Life of Pi – An Allegory

Visual spectacular aside, the movie “Life of Pi” provides a neat allegory of some of the philosophical concepts explored in yoga philosophy.
First, let’s take the story of the castaway boy, Pi, and the tiger at face value.
Pi was, in turn, tamasic – fearing the tiger and being tempted to kill him, rajasic – trying to train the tiger and writing in a notebook to keep his sanity, and sattvic- identifying with, and feeling a sense of connectedness with, the tiger. Human nature, and its gunas, or inclinations, colored Pi’s actions and perception, and displayed themselves throughout the boy’s two and a half hour long float to safety.
Richard Parker, the tiger, was, as ever, unruffled, unencumbered by any ideals of himself as a son, a vegetarian, or even a soul that needs to feel the universal connection. Essentially, Richard Parker is a personification of the relentless universal energy of Atman, a presence without preconceptions nor expectations. Pi asked the tiger questions – “What do you see, Richard Parker?”, and attempted to impose his understanding on the tiger – “Richard Parker, come out you have to see this! It’s beautiful!”, and finally tried to communicate his connection with Richard Parker. The tiger, however, gave no answers, questioned no future and when it was time, didn’t look back, much to Pi’s dismay. The tiger beautifully portrays what what is meant by being free even of the sattvic nature. For even in displaying sattva as Pi had known it, he was inevitably still subjected to Maya – his perception and expectation of reality, and in this case his expectation of the bond he had with Richard Parker. When this expectation was unfulfilled, he “cried like a baby”.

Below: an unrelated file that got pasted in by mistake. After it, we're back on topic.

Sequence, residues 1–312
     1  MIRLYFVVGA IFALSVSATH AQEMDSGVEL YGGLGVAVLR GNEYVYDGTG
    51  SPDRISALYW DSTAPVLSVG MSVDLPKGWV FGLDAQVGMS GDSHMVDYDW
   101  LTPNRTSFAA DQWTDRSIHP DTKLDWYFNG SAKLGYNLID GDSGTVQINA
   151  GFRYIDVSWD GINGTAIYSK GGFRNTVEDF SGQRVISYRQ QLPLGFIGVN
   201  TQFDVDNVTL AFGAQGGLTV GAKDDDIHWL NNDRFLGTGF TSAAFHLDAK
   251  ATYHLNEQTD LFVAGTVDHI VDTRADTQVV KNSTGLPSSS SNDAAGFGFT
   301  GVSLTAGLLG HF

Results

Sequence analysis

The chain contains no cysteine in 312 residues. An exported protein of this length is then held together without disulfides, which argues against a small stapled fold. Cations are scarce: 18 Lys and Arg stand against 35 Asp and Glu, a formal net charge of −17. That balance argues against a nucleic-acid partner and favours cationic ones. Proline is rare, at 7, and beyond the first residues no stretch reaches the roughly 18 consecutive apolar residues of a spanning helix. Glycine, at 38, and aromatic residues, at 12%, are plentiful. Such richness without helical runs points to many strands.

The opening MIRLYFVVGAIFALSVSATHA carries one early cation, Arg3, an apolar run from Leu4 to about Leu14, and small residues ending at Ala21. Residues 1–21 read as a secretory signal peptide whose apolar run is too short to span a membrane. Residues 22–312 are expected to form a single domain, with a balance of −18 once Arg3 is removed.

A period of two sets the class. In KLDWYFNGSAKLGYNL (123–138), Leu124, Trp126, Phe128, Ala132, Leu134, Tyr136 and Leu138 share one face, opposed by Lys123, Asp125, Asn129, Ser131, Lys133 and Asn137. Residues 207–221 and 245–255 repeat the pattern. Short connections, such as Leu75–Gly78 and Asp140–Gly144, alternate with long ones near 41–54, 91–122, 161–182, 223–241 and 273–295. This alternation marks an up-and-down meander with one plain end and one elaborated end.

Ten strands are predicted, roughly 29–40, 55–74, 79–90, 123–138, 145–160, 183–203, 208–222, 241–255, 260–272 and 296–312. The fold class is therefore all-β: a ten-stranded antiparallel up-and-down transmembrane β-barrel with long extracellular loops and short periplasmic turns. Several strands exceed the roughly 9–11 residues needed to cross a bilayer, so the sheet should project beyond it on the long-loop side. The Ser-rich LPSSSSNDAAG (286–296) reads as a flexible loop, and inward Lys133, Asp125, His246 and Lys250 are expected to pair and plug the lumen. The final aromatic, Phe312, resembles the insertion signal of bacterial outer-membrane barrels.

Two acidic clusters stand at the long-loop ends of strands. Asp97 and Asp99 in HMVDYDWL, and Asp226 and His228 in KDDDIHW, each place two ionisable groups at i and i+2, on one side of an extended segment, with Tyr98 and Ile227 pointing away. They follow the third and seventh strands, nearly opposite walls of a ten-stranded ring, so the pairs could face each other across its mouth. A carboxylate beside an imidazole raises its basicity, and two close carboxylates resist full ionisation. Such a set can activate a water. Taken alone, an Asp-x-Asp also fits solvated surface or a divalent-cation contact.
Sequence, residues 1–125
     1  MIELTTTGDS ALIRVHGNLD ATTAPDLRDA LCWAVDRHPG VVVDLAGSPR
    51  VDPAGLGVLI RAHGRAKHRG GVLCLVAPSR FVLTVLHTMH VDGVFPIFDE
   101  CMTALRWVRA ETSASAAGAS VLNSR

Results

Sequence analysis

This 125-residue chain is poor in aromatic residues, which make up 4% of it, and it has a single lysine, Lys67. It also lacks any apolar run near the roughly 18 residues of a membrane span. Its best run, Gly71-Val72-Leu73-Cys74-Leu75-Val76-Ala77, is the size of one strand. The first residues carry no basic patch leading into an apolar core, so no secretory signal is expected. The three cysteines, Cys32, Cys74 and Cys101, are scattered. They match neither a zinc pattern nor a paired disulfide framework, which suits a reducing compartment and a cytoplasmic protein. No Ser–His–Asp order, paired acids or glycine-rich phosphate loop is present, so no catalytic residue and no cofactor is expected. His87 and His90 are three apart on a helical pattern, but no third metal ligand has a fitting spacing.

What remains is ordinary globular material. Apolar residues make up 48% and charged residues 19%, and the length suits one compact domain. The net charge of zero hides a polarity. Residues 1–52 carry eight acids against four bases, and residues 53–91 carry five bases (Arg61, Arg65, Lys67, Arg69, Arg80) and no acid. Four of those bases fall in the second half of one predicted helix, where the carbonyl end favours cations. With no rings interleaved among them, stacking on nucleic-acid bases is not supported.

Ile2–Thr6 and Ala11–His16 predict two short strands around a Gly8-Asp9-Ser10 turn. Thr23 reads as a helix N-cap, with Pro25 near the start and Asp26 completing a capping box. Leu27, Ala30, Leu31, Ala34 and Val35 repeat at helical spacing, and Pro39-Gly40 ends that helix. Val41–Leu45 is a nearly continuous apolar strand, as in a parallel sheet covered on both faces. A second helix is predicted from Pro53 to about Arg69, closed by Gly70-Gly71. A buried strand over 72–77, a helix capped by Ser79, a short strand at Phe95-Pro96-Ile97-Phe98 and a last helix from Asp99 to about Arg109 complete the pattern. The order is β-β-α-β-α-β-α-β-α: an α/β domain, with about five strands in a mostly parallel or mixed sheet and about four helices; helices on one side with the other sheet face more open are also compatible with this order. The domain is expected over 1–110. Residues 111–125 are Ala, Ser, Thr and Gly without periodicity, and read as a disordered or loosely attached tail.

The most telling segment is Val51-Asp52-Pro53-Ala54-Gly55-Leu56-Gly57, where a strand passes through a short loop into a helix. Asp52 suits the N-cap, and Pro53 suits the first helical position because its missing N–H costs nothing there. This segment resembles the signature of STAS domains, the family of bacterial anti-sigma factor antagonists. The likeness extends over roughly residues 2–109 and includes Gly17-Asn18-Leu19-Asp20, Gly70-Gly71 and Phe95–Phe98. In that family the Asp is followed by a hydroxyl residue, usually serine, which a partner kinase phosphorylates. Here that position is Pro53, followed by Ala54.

The nature of duality was also explored in the two versions of the story told towards the end of the tale. Does the mind want to believe a beautifully told, and totally unbelievable tale of a castaway with a Bengal tiger, or a likelier story of how base human nature can get?
The insurer’s investigators in the story chose to believe in the former. Which would you rather believe?
This dilemma presented starkly in the movie happens subtly multiple times in everyday living, where multiple versions of the reality exist for each individual, colored by each’s past experience, perceptions, predispositions and prejudices. In yoga philosophy, there is Brahman – infinite, absolute, unchanging and formless truth and the aim of realizing Atman, the same universal, absolute consciousness in the individual. The practice and study of yoga aim to bring a union between jiva (the ego), or the self that identifies with the mind and body, with Atman. Perhaps, the first step is to recognize the subjective nature of jiva, the the relative nature of perception and memory, and the duality between thought and absolute truth.

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